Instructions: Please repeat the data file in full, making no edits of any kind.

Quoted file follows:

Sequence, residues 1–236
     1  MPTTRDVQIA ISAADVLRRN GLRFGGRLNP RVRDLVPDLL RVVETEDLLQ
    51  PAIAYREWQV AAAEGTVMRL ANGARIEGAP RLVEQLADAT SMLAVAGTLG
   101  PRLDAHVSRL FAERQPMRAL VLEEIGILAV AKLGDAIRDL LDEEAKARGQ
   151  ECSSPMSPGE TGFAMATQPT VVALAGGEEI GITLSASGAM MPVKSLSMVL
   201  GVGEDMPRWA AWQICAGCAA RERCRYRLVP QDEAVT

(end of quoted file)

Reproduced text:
Sequence, residues 1–236
     1  MPTTRDVQIA ISAADVLRRN GLRFGGRLNP RVRDLVPDLL RVVETEDLLQ
    51  PAIAYREWQV AAAEGTVMRL ANGARIEGAP RLVEQLADAT SMLAVAGTLG
   101  PRLDAHVSRL FAERQPMRAL VLEEIGILAV AKLGDAIRDL LDEEAKARGQ
   151  ECSSPMSPGE TGFAMATQPT VVALAGGEEI GITLSASGAM MPVKSLSMVL
   201  GVGEDMPRWA AWQICAGCAA RERCRYRLVP QDEAVT